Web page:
(iv) Other three way marginals

In two seats where the voting tools differ, the 2017 result was Tory, Labour, Green

Bury St Edmunds (recent results here) 54.0% Leave, Isle of Wight (recent results here) 61.9% Leave.

In Bury St Edmunds clearly Labour has a better chance – vote Labour. I would need more data for Isle or Wight, so cannot judge that one.

 

In one seat where the voting tools differ, Labour won in 2017, with the Tories second and Lib Dems third

Kensington (recent results here) 31.2% Leave

This one is impossible to call. Labour won it against the odds in 2017. The Lib Dems are running ex-Tory Sam Gyimah here. Need more data.

 

Conclusions

At the time of writing, all four tactical voting tools make the same recommendation in 500 of the 632 seats in England, Wales and Scotland. If you live in one of those seats, trust the recommendation.

If you live in one of the 88 of the 632 seats that Remain United gauges as a Safe Seat, you are probably safe to vote with your heart, knowing anyone defeating the Tories there is one hell of a long shot. If you still need guidance there, tactical.vote will lean more heavily on the 2017 General Election result to tell you what to do, and Get Voting will align more closely with opinion polls.

If you live in one of the 44 of the 632 seats that are complex cases and where the voting tools differ or new data indicates errors, read the advice above.

  • I view 1 as a special cases (Chorley)
  • In 1 (Sheffield Hallam) it’s a free choice between Labour and the Liberal Democrats, without any real danger.
  • In 3 (Beaconsfield, East Devon, South West Hertfordshire) vote Independent.
  • In a further 18 (Buckingham, Chelsea and Fulham, Cities of London and Westminster, Eddisbury, Esher and Walton, Finchley and Golders Green, Henley, Hitchin and Harpenden, Newton Abbot, North East Somerset, Solihull, South East Cambridgeshire, South East Cornwall, Southport, St Austell and Newquay, Wantage, Wimbledon, Woking) vote Lib Dem.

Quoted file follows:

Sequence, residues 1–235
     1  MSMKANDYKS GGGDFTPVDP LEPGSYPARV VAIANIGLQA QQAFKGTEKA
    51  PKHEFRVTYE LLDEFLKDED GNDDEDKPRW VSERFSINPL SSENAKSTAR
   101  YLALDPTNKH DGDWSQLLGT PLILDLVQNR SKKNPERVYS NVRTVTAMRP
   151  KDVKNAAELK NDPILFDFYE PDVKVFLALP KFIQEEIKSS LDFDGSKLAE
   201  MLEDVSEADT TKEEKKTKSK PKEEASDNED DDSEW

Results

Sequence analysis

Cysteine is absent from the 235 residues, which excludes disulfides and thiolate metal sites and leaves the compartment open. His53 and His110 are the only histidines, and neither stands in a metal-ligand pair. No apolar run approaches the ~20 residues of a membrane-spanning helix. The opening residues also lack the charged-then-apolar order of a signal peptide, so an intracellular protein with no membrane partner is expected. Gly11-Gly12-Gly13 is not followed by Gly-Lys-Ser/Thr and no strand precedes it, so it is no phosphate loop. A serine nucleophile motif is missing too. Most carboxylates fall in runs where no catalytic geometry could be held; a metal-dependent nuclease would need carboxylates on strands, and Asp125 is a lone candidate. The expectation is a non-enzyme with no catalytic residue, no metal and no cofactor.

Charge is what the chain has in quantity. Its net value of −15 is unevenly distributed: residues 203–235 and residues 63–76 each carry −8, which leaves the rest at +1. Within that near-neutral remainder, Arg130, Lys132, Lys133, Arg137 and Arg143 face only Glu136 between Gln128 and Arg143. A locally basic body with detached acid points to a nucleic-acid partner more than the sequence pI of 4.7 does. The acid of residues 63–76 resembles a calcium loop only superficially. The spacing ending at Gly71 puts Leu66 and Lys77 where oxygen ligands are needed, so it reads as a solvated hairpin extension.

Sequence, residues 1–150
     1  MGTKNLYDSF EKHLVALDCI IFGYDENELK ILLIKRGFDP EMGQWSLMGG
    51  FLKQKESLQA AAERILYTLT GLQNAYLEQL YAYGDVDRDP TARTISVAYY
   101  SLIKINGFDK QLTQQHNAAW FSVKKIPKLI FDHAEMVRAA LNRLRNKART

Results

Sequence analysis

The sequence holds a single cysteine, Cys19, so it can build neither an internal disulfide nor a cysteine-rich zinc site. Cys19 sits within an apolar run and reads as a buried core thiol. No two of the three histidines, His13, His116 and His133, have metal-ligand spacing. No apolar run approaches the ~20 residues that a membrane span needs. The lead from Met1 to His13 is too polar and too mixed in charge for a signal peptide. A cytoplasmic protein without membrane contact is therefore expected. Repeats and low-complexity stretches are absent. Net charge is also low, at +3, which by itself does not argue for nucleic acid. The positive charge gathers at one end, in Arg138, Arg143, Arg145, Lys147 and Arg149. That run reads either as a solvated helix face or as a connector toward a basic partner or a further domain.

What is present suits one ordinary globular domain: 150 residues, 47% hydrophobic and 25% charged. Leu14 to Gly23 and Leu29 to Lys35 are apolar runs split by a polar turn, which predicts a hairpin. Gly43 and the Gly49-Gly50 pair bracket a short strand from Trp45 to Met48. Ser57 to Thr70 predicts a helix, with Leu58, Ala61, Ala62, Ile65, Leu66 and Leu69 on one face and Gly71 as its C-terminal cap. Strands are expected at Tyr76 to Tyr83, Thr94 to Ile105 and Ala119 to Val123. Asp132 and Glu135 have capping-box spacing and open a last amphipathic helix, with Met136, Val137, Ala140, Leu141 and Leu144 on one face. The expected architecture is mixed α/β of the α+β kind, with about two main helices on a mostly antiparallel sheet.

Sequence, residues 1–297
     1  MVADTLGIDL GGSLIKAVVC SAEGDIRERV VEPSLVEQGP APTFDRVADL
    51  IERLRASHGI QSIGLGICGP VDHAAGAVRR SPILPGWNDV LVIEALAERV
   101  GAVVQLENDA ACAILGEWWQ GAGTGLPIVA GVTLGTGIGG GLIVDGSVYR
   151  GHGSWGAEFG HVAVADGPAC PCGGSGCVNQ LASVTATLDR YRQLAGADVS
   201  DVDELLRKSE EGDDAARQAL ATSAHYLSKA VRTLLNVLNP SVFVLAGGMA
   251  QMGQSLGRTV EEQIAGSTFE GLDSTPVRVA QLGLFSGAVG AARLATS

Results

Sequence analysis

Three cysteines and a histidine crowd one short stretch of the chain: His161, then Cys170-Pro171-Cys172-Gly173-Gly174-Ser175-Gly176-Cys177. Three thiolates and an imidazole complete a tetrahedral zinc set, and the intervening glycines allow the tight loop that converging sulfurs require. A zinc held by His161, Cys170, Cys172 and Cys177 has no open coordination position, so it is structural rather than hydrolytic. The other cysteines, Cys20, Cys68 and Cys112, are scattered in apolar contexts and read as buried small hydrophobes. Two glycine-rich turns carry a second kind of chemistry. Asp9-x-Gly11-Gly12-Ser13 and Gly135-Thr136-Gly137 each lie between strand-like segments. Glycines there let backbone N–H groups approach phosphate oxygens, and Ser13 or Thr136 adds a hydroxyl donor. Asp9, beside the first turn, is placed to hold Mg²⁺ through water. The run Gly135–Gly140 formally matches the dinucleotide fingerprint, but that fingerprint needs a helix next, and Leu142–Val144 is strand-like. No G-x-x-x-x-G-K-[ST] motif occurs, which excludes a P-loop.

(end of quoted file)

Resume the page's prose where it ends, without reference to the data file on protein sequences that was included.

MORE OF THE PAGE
• In 8 (Altrincham and Sale West, Ashfield, Bury St Edmunds, Don Valley, Elmet and Rothwell, Leicester East, Macclesfield, Rushcliffe) back Labour.
  • In the final 13 (Broxtowe, Chelmsford, Colchester, Filton and Bradley Stoke, Hendon, Isle of Wight, Kensington, Luton South, Putney, Truro & Falmouth, Watford, Ynys Mon, York Outer) at the moment I cannot make a call.

 

Note: data for this blog post gathered 11 and 12 November 2019. If you find an error please point it out to be in the comments, or contact me. Any changes to this blog post will be added, and the original text will be left present for comparison. Leave percentages from Chris Hanretty’s data – table here. I am not affiliated to any of the organisations making any of these voting tools. I voted Remain and would vote Remain in any subsequent referendum, and when I still lived in the UK was a member of the Labour Party. Today I am a member of the German Grüne but that does not shape these recommendations – recommendations are purely based on keeping pro-Brexit candidates out.

Updates since V1
People’s Vote tool added
– I was informed some of the sites explained the situation in Brecon & Radnorshire and Morley and Outwood wrongly. Having checked the recommendations for both of these, I am reassured the recommendations are right – so those constituencies both stay in the first category
– Seats in category 1 reduced by 1 (Ashfield), and in category 2 by 2 (Chelmsford and Truro & Falmouth), hence 3 more in Category 3
– Explanation for South West Herfordshire amended now Gauke is running
– Rushcliffe moved from no recommendation to Labour